Though it would be quite unpopular with the masses especially those displaced by natural and human inflicted calamities, the position taken by Education Secretary Leonor Briones that schools should not be used as evacuation centers anymore bears watching and consideration.
Though families displaced by the Sept. 20 landslide in the City of Naga were evenly distributed across public structures like gymnasiums and barangay halls, a considerable number were also placed in schools at least until they are provided relocation.
In emphasizing her point, Briones said President Rodrigo Duterte declared that no school should be used as an evacuation center unless there is no other viable structure that can house the displaced victims.
Which is sadly lacking in most parts of the country even after it had experienced more than its fair share of super typhoons and natural calamities, the latest being super typhoon Ompong (international name: Mangkhut) which caused the landslide in Itogon town, Benguet province and the Sept. 20 landslide in the City of Naga.
The Cebu provincial government once lobbied for local governments to build their own multipurpose centers that were intended to house calamity victims in order to complement their local and province-wide disaster management program.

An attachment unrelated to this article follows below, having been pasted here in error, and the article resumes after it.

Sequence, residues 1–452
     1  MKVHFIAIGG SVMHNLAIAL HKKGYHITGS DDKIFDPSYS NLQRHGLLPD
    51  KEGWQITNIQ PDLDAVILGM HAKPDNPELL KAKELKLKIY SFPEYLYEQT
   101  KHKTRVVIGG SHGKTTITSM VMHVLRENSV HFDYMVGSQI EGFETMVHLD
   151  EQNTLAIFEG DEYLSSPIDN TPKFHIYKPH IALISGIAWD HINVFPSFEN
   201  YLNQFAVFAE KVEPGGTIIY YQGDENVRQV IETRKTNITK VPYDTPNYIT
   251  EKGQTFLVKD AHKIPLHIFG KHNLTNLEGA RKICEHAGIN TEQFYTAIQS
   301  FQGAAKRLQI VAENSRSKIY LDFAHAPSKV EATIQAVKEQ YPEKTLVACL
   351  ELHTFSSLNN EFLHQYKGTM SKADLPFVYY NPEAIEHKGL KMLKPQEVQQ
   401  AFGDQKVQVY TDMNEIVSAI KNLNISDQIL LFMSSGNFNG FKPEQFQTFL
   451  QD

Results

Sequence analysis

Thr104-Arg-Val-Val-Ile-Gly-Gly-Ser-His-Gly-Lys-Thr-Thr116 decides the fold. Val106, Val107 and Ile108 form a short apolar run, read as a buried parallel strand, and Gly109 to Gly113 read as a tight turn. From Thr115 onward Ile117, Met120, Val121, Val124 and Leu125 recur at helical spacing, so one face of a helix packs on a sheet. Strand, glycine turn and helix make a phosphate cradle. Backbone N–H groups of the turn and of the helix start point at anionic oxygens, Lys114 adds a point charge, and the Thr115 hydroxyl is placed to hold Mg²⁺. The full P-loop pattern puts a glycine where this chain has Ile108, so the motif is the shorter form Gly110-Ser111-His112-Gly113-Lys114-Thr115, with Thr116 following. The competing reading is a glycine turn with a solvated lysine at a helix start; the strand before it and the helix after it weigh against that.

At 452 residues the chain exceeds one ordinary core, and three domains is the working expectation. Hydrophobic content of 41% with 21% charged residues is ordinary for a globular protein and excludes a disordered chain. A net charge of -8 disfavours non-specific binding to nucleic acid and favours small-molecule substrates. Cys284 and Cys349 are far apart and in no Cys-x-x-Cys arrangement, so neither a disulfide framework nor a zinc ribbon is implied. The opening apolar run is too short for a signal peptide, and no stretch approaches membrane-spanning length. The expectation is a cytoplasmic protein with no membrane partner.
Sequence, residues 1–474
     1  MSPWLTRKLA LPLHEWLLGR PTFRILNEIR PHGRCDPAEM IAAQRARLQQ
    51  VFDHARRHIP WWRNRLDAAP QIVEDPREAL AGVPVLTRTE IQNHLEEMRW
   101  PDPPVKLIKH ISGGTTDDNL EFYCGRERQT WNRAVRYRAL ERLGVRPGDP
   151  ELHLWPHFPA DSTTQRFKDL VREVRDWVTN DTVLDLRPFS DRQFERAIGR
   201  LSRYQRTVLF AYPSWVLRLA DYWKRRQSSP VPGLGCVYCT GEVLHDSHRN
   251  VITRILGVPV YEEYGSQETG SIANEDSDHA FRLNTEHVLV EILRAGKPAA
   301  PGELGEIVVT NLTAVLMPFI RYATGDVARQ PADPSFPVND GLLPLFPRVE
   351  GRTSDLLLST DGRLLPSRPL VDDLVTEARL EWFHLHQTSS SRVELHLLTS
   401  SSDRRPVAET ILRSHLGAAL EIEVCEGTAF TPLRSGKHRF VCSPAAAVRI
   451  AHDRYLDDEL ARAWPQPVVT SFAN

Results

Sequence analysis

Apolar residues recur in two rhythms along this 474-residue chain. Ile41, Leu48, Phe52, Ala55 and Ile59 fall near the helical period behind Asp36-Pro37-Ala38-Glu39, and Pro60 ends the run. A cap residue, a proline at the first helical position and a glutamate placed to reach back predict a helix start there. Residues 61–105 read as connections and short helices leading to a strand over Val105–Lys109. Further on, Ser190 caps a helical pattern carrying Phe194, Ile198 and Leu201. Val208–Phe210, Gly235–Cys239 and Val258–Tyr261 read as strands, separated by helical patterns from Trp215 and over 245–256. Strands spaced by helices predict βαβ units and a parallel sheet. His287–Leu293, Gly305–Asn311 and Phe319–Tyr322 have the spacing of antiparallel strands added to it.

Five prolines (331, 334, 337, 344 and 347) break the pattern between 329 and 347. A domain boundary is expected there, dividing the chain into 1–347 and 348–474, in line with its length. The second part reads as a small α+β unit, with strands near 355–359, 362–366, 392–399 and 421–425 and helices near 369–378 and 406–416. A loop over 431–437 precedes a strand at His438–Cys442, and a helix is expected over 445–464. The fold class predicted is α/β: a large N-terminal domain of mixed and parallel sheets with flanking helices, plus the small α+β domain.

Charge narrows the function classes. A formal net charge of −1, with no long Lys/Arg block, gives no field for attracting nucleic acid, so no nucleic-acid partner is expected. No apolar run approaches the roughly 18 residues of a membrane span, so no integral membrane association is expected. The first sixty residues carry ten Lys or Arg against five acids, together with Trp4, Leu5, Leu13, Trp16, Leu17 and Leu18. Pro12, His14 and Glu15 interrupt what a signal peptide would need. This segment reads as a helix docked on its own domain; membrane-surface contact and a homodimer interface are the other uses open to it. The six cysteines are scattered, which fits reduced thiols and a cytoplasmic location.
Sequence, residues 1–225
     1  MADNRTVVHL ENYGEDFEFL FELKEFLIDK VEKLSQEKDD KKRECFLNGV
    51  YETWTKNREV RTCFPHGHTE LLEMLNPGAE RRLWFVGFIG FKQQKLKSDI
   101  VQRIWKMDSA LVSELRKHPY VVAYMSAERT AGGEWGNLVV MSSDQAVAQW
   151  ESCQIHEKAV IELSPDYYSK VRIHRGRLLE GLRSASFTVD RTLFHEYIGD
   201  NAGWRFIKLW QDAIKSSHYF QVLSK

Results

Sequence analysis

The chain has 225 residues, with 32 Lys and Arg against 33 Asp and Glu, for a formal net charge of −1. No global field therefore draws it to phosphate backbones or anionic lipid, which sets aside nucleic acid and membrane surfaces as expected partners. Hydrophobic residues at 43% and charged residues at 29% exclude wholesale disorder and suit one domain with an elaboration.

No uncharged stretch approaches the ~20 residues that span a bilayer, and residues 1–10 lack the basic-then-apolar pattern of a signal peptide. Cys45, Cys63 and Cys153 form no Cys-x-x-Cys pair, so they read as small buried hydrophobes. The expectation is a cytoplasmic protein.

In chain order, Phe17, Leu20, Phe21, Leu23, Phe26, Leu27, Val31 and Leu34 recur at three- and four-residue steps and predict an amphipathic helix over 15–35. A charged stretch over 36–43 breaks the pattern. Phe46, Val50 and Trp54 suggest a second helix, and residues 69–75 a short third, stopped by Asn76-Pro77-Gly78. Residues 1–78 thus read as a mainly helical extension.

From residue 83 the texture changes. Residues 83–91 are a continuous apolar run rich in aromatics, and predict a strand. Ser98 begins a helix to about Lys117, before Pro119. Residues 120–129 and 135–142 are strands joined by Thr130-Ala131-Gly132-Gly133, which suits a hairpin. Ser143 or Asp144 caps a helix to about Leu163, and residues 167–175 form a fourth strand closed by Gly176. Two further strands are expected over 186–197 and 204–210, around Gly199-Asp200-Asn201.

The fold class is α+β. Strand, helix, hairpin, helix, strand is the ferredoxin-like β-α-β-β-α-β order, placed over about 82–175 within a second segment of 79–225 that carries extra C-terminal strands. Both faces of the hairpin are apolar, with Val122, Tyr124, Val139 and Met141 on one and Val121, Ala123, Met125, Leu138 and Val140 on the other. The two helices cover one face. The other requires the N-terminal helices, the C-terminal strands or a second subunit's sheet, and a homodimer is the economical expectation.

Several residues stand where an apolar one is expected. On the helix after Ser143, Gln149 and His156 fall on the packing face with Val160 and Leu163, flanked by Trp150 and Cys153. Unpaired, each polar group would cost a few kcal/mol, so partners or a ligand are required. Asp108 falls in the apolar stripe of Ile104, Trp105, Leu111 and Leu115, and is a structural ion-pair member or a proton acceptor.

Anyone who’s come across stories of fire outbreaks, natural calamities and other emergencies knows the scenario all too well: the victims were either relocated to a covered court, barangay compound, multipurpose gym or a school where they are provided meals, beddings, essentials and given free access to toilets which they usually don’t bother cleaning up afterward.
Local school officials then have the unpleasant task of negotiating with barangay and local officials in setting the date for the immediate relocation of the families, who use school facilities with nary a thought about taking care of them since they assume that the local government will take care of it for them.
The schoolchildren are then made to attend classes under tents or trees for the duration of the stay of the victims who will then leave school with all sorts of garbage and broken items behind.
Again, this DepEd policy will prove unpopular to some local officials who have displaced constituents to take care of but such needless situations can be avoided if they set aside funds to build, operate and maintain emergency centers for this purpose.
It’s high time that school children be spared the inconvenience of being displaced from their schools in favor of victims who have no place to go but should not be neglected by their government.
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